Lesson: Zechariah 9:9-12
9 Rejoice greatly, O daughter Zion! Shout aloud, O daughter Jerusalem! Lo, your king comes to you; triumphant and victorious is he, humble and riding on a donkey, on a colt, the foal of a donkey.
10 He will cut off the chariot from Ephraim and the war horse from Jerusalem; and the battle bow shall be cut off, and he shall command peace to the nations; his dominion shall be from sea to sea, and from the River to the ends of the earth.
11 As for you also, because of the blood of my covenant with you, I will set your prisoners free from the waterless pit.
12 Return to your stronghold, O prisoners of hope; today I declare that I will restore to you double.
The Book of Zechariah is the longest and most obscure of the “Minor” Prophets (so called because their books are much shorter than the three “Major Prophets” – Isaiah, Jeremiah, and Ezekiel). The Book has 14 chapters, and Chapters 9 to 14 are referred to as “Second Zechariah” or “An Oracle” – the superscription at the beginning of Chapter 9. First Zechariah is dated to about 525 to 500 BCE and Second Zechariah is dated to about 400 to 300 BCE.
Today’s reading is one of the many (sometimes contradictory) descriptions of the anticipated Messiah found in the Hebrew Bible. The image presented here is a king who brings peace and rides on a donkey (v.9) rather than on a war-horse. The king’s dominion is not only over Israel, but is from sea to sea, from “the River” (the Euphrates in northern Syria) to the ends of the earth (v.10).
The Hebrew Bible contains many parallelisms, and the description of the king “on a donkey, on a colt, the foal of a donkey” (v.9) was intended to describe one animal. The Gospel of Matthew (unlike Mark and Luke) treated the phrase as describing two animals (Matt.21.5).
This peace-bringing king cuts off the instruments of war from “Ephraim” which was pre-Exilic Northern Israel, named for its most powerful tribe, and Jerusalem (v.10), the capital of Judea.
Epistle: Romans 7:15-25a
15 I do not understand my own actions. For I do not do what I want, but I do the very thing I hate. 16 Now if I do what I do not want, I agree that the law is good. 17 But in fact it is no longer I that do it, but sin that dwells within me. 19 For I know that nothing good dwells within me, that is, in my flesh. I can will what is right, but I cannot do it. 19 For I do not do the good I want, but the evil I do not want is what I do. 20 Now if I do what I do not want, it is no longer I that do it, but sin that dwells within me.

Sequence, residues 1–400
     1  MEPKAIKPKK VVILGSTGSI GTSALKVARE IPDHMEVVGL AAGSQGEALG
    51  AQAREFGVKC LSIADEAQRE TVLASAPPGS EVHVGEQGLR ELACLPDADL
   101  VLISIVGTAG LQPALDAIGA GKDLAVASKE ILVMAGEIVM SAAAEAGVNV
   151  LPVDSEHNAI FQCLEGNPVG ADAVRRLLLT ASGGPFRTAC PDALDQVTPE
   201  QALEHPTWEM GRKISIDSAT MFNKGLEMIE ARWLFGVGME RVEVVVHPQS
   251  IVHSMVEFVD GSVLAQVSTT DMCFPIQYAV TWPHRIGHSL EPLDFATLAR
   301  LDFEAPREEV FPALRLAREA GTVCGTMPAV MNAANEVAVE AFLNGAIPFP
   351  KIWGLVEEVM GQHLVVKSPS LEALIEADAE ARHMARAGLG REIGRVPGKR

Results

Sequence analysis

21 So I find it to be a law that when I want to do what is good, evil lies close at hand. 22 For I delight in the law of God in my inmost self, 23 but I see in my members another law at war with the law of my mind, making me captive to the law of sin that dwells in my members. 24 Wretched man that I am! Who will rescue me from this body of death? 25 Thanks be to God through Jesus Christ our Lord!
Paul’s letter to the Romans was his longest, last and most complex letter. It was written in the late 50s or early 60s (CE) to a Jesus Follower community that Paul did not establish. Among other messages in the letter, Paul sought to encourage respectful and supportive relationships between the Gentile Jesus Followers and the Jewish Jesus Followers in Rome.
The Roman Emperor Claudius had expelled the Jews from Rome in 49 CE. His successor, Nero (54-68 CE), allowed Jews (including Jewish Jesus Followers) to return to Rome, and this created tensions about leadership and worship within the Jesus Follower Community.
Paul was a Jew who became a Jesus Follower and who saw the Jesus Follower Movement as part of a broader Judaism. As such, he continued to have expectations about the fullness of the Coming of the Messiah/the Christ. The term “Christian” had not been invented in his lifetime.
Today’s reading is part of Paul’s extended discussion of the law, sin, the flesh, and the Spirit. As a First Century Jew, Paul was ambivalent regarding the Law. He saw the Jewish Law as “spiritual” (v.14), but as a Jesus Follower, he recognized that mere obedience to the Law would not lead to wholeness/salvation.
Without the Spirit, Paul asserted, even outward obedience to the Law could be a manifestation of “the flesh” (our human tendency towards self-centeredness and self-interest) that is grounded in sin (our personal egoism). Paul said it is through the Spirit that we can be rescued from “this body of death” (v.24).
Gospel: Matthew 11:16-19, 25-30
Jesus said to the crowd, “To what will I compare this generation? It is like children sitting in the marketplaces and calling to one another, ‘We played the flute for you, and you did not dance; we wailed, and you did not mourn.’ For John came neither eating nor drinking, and they say, ‘He has a demon’; the Son of Man came eating and drinking, and they say, ‘Look, a glutton and a drunkard, a friend of tax collectors and sinners!’ Yet wisdom is vindicated by her deeds.” At that time Jesus said, “I thank you, Father, Lord of heaven and earth, because you have hidden these things from the wise and the intelligent and have revealed them to infants; yes, Father, for such was your gracious will. All things have been handed over to me by my Father; and no one knows the Son except the Father, and no one knows the Father except the Son and anyone to whom the Son chooses to reveal him. “Come to me, all you that are weary and are carrying heavy burdens, and I will give you rest. Take my yoke upon you, and learn from me; for I am gentle and humble in heart, and you will find rest for your souls. For my yoke is easy, and my burden is light.”